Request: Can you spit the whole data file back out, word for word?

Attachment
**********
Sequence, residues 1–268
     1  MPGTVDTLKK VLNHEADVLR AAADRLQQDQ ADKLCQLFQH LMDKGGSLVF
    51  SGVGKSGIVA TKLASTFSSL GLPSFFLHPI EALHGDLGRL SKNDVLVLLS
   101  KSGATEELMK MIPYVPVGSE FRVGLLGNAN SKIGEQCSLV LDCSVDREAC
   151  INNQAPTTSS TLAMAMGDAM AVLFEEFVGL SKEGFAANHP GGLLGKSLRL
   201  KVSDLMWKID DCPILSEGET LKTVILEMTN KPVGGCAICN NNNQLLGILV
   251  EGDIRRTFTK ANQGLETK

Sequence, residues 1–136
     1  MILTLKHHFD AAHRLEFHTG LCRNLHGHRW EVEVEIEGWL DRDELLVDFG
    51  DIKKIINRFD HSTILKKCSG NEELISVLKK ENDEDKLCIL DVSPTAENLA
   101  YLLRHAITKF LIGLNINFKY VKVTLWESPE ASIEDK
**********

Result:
Sequence, residues 1–268
     1  MPGTVDTLKK VLNHEADVLR AAADRLQQDQ ADKLCQLFQH LMDKGGSLVF
    51  SGVGKSGIVA TKLASTFSSL GLPSFFLHPI EALHGDLGRL SKNDVLVLLS
   101  KSGATEELMK MIPYVPVGSE FRVGLLGNAN SKIGEQCSLV LDCSVDREAC
   151  INNQAPTTSS TLAMAMGDAM AVLFEEFVGL SKEGFAANHP GGLLGKSLRL
   201  KVSDLMWKID DCPILSEGET LKTVILEMTN KPVGGCAICN NNNQLLGILV
   251  EGDIRRTFTK ANQGLETK

Sequence, residues 1–136
     1  MILTLKHHFD AAHRLEFHTG LCRNLHGHRW EVEVEIEGWL DRDELLVDFG
    51  DIKKIINRFD HSTILKKCSG NEELISVLKK ENDEDKLCIL DVSPTAENLA
   101  YLLRHAITKF LIGLNINFKY VKVTLWESPE ASIEDK